by Jeff Fiedler
Common Thread is a regular feature on thegreatalbums.com in which we offer up mini-reviews of a small (and often very diverse) assortment of albums that all have one specific shared trait; that "common thread" can vary from column to column.
It’s rare that record producers become stars in their own right, though there are certainly exceptions to the rule – Quincy Jones and Babyface are just two wildly successful producers who have become household names, in part due to their dual success as multiple-Grammy-winning recording artists, while Todd Rundgren miraculously managed to simultaneously juggle his duties as a rock star in the ‘70s and ‘80s, both as solo artist (“Hello It’s Me,” “I Saw the Light,” “Can We Still Be Friends”) and the leader of Utopia (“Set Me Free,” “Love Is the Answer”), with a second career as a wildly in-demand producer for the likes of Badfinger, Grand Funk, Patti Smith, Meat Loaf, Cheap Trick, and XTC. Still, many producers began their careers as musicians themselves before permanently retreating behind the curtains to focus on nurturing other artists, while other producers like to indulge themselves on occasion and make a disc to call their very own. In this five-part edition of Common Thread, we take a look at twenty-five albums from four different decades that are just a few intriguing examples of musical dabblings from individuals who have found even greater success or fame as producers than as performers, beginning with …
I Want Candy, The Strangeloves (1965, Bang)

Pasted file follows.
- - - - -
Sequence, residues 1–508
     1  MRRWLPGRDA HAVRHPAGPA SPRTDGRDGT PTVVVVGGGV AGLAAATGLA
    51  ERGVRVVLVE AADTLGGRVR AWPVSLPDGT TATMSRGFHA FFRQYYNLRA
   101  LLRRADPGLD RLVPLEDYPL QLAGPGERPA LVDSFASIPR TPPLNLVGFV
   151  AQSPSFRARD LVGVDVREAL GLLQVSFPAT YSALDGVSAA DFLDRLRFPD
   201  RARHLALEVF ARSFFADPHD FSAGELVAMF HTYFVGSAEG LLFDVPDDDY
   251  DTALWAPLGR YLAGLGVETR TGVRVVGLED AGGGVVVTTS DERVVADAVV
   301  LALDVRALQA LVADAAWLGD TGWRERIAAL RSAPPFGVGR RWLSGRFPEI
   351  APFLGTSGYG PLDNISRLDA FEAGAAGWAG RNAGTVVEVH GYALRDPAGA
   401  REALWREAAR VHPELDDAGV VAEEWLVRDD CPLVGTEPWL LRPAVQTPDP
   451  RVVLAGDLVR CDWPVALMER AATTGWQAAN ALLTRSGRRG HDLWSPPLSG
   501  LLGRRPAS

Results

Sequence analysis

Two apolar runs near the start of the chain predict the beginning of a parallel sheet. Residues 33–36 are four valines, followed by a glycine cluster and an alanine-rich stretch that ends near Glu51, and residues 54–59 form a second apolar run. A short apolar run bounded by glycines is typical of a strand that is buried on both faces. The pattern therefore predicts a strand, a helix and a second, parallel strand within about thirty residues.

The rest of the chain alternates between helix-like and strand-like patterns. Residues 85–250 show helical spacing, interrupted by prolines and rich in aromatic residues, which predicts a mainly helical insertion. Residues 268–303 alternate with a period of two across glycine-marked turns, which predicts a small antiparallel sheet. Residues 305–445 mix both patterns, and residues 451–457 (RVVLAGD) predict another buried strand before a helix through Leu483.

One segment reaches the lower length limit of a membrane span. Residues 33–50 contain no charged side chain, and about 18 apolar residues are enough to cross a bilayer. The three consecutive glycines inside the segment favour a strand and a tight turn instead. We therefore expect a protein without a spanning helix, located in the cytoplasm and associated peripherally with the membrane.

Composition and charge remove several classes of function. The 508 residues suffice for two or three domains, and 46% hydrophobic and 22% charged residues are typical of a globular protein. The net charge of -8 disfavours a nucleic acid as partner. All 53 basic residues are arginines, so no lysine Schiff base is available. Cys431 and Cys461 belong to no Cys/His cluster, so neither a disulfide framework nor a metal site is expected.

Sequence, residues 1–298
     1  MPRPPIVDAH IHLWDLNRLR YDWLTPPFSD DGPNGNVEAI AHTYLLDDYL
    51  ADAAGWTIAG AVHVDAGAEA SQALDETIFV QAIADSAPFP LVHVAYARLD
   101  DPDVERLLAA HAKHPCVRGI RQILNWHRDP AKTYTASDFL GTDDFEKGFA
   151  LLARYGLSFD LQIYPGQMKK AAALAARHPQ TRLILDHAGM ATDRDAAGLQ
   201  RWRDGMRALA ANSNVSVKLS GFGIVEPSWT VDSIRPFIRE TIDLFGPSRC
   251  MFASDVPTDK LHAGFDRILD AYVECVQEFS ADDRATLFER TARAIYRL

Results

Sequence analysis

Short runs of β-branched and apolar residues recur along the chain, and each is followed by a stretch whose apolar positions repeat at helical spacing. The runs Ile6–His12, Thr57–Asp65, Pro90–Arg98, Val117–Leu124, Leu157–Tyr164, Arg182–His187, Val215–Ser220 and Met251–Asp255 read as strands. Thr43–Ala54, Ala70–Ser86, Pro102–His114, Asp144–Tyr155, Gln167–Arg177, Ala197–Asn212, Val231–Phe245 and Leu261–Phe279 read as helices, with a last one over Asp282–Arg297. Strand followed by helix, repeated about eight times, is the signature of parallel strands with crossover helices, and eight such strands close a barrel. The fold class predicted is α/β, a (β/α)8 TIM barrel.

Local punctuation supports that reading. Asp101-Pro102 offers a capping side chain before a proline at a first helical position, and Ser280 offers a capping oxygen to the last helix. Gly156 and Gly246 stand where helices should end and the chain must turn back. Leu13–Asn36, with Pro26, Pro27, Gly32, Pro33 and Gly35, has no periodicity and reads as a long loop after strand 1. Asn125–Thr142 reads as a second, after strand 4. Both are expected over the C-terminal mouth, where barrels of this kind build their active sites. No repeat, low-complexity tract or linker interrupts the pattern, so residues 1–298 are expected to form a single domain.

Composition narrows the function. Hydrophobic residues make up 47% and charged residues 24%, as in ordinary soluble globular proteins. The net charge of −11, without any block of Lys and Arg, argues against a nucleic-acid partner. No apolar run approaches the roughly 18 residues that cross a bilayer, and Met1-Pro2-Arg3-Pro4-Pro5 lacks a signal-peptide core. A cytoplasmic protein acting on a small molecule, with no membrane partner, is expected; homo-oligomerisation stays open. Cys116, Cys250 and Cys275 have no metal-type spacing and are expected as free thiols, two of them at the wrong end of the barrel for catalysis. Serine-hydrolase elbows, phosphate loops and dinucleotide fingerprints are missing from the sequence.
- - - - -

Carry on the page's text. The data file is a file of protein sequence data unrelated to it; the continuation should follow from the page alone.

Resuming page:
This album is notable for several reasons. Not only did the title track miss the Top Ten by just one spot, it became a new-wave classic a full two decades later after being covered by Bow Wow Wow. [The album also yielded two additional Top 40 hits in “Cara-Lin” and “Night Time.”] But this album is also notable for marking one of the rare on-disc appearances from industry veterans Jerry Goldstein, Richard Gottehrer, and Bob Feldman, a team who by this point had already co-written and produced the Angels’ chart-topper and enduring girl-group classic “My Boyfriend’s Back” and produced the McCoys’ Number One smash “Hang on Sloopy.” [Goldstein also co-wrote the Top Ten hit “Come on Down to My Boat” for Every Mother’s Son.] The trio wouldn’t last beyond this one album, but Goldstein would go on to massive success in the ‘70s as the regular go-to producer for R&B/funk band War, while Gottehrer would not only go on to produce such notable albums as Richard Hell & the Voidoids’ punk classic Blank Generation, Blondie’s self-titled debut and Plastic Letters, the Go-Go’s’ Beauty and the Beat and Vacation, and Marshall Crenshaw’s much-lauded self-titled debut, but would, with Seymour Stein, co-found the wildly successful Sire Records label.
(Turn On) The Music Machine, The Music Machine (1966, Original Sound)
A true garage-rock classic, these quintet only managed one Top 40 hit during their brief existence, the grungy, frantic rocker “Talk Talk.” [In fact, this debut disc would be one of only two albums the band would make before disbanding.] But “Talk Talk” remains one of the most underrated 45s of its era, and the band’s bassist, Keith Olsen, would go on to become one of the biggest producers of the ‘70s and ‘80s, helming such discs as Fleetwood Mac’s self-titled 1975 affair, Foreigner’s Double Vision, the Grateful Dead’s Terrapin Station, Pat Benatar’s Crimes of Passion and Precious Time, Whitesnake’s 1987 self-titled breakthrough disc, Sammy Hagar’s Three Lock Box, Rick Springfield’s Working Class Dog and Success Hasn’t Spoiled Me Yet, and Starship’s No Protection, to name just a few of his most famous credits.
Excursions, The Trade Winds (1967, Kama Sutra)